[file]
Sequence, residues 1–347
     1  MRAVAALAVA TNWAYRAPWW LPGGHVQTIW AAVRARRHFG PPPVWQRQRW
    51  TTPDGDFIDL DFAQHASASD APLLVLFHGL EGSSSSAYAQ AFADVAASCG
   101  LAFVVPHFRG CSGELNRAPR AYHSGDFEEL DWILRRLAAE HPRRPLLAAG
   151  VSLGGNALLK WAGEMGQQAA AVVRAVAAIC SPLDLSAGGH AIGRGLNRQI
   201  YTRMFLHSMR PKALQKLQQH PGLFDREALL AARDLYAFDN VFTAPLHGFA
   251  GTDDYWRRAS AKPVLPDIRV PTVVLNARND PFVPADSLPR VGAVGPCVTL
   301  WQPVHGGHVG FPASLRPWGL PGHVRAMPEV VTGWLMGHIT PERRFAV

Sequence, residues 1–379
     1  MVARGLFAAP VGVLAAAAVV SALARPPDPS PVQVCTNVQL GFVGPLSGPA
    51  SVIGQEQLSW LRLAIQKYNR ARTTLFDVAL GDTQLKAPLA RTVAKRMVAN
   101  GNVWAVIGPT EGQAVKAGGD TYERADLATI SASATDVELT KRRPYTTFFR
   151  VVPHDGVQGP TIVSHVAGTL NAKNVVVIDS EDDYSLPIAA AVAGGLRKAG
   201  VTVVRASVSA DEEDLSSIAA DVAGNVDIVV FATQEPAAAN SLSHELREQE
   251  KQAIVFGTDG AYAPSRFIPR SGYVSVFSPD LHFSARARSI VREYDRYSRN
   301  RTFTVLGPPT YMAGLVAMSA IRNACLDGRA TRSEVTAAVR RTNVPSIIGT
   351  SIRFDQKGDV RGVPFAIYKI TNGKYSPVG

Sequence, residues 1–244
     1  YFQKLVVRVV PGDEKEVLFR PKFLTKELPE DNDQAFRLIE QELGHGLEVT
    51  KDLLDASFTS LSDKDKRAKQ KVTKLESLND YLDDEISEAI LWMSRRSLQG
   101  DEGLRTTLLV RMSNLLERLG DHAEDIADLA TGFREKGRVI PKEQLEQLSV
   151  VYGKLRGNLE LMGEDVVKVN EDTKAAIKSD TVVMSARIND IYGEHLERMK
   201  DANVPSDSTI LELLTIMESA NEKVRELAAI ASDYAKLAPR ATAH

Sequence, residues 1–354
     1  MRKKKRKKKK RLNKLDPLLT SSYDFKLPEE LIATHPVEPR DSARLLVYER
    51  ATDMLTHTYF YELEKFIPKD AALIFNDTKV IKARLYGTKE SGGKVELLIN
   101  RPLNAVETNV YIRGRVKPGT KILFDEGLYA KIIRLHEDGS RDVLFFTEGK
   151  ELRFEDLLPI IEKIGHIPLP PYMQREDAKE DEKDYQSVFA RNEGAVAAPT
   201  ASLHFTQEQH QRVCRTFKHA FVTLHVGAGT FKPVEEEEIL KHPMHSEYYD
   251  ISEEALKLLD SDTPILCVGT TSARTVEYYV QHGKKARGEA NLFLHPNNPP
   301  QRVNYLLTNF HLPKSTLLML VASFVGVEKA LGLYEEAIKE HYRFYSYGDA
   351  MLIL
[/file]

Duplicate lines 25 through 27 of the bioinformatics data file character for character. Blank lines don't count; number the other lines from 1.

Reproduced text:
     1  MRKKKRKKKK RLNKLDPLLT SSYDFKLPEE LIATHPVEPR DSARLLVYER
    51  ATDMLTHTYF YELEKFIPKD AALIFNDTKV IKARLYGTKE SGGKVELLIN
   101  RPLNAVETNV YIRGRVKPGT KILFDEGLYA KIIRLHEDGS RDVLFFTEGK